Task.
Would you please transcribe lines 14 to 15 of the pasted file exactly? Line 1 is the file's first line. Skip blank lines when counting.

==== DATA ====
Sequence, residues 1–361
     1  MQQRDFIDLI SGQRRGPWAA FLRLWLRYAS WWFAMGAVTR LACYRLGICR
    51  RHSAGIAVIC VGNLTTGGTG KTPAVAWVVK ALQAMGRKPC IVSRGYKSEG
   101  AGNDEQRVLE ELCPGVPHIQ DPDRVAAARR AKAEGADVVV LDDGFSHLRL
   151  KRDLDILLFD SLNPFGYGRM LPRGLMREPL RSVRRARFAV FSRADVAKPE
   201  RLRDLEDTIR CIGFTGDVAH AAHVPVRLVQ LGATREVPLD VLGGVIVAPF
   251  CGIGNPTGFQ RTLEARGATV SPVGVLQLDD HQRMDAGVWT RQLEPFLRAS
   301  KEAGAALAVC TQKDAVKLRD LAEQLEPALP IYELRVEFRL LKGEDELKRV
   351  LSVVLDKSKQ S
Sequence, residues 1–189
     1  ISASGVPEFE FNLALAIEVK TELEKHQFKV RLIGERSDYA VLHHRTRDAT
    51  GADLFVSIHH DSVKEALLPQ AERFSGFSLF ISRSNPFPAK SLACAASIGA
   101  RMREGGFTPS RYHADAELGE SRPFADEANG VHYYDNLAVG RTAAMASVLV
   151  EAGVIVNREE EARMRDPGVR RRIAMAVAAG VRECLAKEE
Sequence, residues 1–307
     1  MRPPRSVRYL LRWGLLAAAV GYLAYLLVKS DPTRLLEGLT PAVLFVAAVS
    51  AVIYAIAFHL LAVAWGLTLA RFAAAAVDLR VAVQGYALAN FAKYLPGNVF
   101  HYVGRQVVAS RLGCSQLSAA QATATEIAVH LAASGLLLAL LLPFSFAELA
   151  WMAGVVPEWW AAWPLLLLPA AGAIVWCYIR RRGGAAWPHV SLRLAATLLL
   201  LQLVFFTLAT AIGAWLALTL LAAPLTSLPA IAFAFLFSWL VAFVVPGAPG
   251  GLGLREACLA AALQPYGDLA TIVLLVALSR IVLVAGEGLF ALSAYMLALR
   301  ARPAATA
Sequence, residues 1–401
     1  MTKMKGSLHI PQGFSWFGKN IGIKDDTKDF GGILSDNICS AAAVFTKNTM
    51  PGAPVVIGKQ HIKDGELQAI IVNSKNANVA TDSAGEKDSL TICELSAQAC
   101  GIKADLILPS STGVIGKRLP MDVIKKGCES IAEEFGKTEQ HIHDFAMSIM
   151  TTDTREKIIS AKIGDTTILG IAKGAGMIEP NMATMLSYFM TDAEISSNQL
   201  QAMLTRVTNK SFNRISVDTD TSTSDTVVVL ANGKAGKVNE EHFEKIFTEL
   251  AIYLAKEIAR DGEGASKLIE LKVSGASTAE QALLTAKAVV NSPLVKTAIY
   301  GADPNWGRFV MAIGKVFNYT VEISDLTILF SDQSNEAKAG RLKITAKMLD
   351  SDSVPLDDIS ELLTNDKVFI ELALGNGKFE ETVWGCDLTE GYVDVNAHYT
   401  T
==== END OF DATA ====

   151  EAGVIVNREE EARMRDPGVR RRIAMAVAAG VRECLAKEE
Sequence, residues 1–307